February 18, 1993
IRS Debunks Tax Myths
WASHINGTON - There's just one problem with some of the
"tax wisdom" you may hear each filing season -- it's dead wrong, according to
the Internal Revenue Service.
For example, some people claim that early filers are more likely to be audited, but,
in fact, when you file has no effect on your tax return's chances for being audited. IRS
computers score every return based on the various entries and their relationship to one
another. These scores are the primary means of selecting returns for examination.
Programmers develop the formulas for this system before the tax year starts and apply them
to all returns that year. A return filed in February gets the same score as it would get
if filed in June.
Last year, less than half of the returns had the name label from the filer's tax
package attached. In some cases, this may have resulted from a mistaken belief that the
label is linked to audit selection. Infact, the label has no secret codes -- the tax
instructions even have an illustration explaining all the label's contents. Use of the
label helps reduce the chance for error and cuts the processing cost.
Some say that tax law is so complex that most people need professional help. In fact,
just over half of all taxpayers prepare their own returns. IRS efforts to simplify the
forms made the short form 1040A available to senior citizens in 1991 and this year offered
Form C-EZ for qualifying small business owners to report their profits. For those doing
their own returns, the IRS offers both live assistance and recorded tax tapes -- check the
tax form instructions for details.
Another myth is that calling the IRS tax help line will make the agency look closer at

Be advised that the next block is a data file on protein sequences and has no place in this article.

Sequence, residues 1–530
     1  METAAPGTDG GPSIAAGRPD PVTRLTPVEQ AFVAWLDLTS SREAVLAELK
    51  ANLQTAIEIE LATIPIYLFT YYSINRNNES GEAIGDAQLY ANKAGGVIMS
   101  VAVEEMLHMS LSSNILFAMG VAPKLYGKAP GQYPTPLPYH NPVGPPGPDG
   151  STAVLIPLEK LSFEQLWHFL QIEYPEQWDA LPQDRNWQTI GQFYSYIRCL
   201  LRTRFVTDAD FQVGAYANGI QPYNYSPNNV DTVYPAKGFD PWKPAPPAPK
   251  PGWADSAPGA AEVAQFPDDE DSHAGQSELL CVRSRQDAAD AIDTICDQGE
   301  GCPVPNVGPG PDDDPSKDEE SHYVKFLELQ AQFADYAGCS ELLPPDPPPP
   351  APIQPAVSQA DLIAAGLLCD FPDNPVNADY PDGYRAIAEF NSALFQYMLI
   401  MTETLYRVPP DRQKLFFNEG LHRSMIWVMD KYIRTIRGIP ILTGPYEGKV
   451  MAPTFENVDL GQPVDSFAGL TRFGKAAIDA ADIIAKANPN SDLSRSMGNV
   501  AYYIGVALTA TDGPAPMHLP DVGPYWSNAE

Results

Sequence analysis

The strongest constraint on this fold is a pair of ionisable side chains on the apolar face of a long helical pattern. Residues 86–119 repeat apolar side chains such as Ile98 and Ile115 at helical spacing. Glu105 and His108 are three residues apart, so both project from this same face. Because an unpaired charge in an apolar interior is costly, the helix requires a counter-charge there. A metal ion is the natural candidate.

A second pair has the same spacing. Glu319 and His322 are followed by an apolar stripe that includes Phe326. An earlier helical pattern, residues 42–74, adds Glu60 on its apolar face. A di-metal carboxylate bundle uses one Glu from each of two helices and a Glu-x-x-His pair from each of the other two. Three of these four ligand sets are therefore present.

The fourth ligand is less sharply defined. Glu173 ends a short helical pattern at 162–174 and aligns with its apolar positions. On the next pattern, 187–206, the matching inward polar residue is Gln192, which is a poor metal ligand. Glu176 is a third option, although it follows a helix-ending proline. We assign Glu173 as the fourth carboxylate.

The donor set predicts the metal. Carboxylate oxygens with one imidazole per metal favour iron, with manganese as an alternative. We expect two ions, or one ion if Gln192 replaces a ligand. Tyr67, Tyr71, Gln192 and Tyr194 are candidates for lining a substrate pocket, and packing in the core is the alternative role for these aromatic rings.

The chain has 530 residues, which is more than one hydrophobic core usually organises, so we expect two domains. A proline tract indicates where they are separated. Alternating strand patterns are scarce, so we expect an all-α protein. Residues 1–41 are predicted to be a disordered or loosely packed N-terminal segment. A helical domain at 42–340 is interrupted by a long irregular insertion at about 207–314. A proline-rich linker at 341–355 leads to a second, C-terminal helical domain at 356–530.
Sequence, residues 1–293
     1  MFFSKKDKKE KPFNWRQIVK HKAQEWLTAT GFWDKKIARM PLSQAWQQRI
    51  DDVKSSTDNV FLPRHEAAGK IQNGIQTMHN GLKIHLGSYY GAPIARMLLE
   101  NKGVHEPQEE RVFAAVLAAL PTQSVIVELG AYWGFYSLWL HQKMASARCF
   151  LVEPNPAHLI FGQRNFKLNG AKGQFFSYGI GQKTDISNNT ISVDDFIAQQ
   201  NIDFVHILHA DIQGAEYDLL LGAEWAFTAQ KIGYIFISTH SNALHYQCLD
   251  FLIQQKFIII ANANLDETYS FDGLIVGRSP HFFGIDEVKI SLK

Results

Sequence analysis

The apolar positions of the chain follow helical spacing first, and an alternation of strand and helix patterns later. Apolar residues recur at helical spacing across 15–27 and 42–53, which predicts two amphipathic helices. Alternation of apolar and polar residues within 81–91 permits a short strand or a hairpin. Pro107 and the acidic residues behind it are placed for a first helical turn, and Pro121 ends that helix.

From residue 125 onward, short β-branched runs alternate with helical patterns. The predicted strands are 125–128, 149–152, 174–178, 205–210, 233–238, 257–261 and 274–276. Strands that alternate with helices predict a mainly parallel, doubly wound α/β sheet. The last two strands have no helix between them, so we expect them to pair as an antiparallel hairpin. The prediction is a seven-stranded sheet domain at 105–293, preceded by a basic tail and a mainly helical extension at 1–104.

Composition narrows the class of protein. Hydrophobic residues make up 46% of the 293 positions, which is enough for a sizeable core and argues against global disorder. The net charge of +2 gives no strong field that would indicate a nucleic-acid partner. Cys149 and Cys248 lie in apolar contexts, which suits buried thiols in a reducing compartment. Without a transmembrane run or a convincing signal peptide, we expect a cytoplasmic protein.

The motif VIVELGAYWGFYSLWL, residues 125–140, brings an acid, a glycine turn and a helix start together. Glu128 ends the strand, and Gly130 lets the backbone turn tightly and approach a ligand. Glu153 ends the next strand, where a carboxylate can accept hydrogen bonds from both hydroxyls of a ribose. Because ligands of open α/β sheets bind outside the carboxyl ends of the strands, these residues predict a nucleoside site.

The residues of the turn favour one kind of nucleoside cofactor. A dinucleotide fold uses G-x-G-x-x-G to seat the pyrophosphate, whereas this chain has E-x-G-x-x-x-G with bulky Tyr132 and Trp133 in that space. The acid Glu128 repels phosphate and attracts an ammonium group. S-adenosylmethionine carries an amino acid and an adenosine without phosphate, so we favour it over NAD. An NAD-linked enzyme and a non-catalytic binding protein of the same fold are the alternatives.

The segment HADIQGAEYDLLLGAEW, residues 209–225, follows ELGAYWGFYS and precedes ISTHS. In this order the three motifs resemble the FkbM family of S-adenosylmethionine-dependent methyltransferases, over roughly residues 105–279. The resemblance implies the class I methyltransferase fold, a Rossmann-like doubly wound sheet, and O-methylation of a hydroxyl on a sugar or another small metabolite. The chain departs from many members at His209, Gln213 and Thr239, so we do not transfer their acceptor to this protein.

your return. In fact, IRS assistors do not ask callers their names or social security
numbers, unless needed to resolve a tax account matter.
Some think that you must be a minimum age before you file a tax return, or that once
you reach a certain age you can stop filing. Still others think that once you file, you
must keep filing if you have any income. In fact, there are specific income thresholds
that determine whether you must file, depending on your filing status. The amounts change
each year because of inflation adjustments and are higher for those 65 or over. Over a
million low income tax returns are filed unnecessarily each year, with the largest group
coming from 65 or older.
As of Feb. 12, the IRS had received nearly 24 million returns, down 10 percent from the
same time last year, and had sent out over 6 million refunds. At $1,140, the average
refund is up 1.6 percent.
1993 FILING SEASON STATISTICS
Cumulative through the week ending 2/14/92 and 2/12/93
1992 1993 % Change
Individual Income Tax Returns
Receipts 26,439,000 23,707,000 -10.3
Processed 14,098,000 13,229,000 -6.2
Filing Alternatives -- Total Receipts:
Electronic Filing 6,229,000 7,019,000 12.7
1040PC Format 183,000 529,000 189.9
Telefile 88,000 97,000 10.2
Refunds Certified by the NAtional Computing Center:
Number 6,513,000 6,304,000 -3.2
Amount of principle $7.305 billion $7.186 billion -1.6
Average Refund $1,122 $1,140 1.6
(NOTE: these amount should NOT be compared to the "processed"
numbers above, since those figures reflect Service
Center processing, which is completed at least a week
before refunds are certified at the Computing Center)
Taxpayer Service Filing Season Statistics
through 2/15/92 through 2/13/93
Toll free calls
answered 6,400,327 6,199,287
Tele-Tax calls 4,604,598 5,037,603
Technical tapes 1,743,997 1,845,416
Refund Info. 2,860,601 3,192,187
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